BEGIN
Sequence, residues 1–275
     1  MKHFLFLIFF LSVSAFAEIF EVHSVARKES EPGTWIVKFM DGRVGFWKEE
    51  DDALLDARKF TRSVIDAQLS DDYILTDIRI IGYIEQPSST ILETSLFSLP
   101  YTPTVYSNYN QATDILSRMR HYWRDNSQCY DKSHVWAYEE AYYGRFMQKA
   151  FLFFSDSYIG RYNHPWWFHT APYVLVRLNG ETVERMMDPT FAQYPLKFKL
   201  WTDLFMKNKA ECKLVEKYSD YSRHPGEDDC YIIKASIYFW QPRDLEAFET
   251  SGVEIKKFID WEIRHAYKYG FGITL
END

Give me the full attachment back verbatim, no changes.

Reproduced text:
Sequence, residues 1–275
     1  MKHFLFLIFF LSVSAFAEIF EVHSVARKES EPGTWIVKFM DGRVGFWKEE
    51  DDALLDARKF TRSVIDAQLS DDYILTDIRI IGYIEQPSST ILETSLFSLP
   101  YTPTVYSNYN QATDILSRMR HYWRDNSQCY DKSHVWAYEE AYYGRFMQKA
   151  FLFFSDSYIG RYNHPWWFHT APYVLVRLNG ETVERMMDPT FAQYPLKFKL
   201  WTDLFMKNKA ECKLVEKYSD YSRHPGEDDC YIIKASIYFW QPRDLEAFET
   251  SGVEIKKFID WEIRHAYKYG FGITL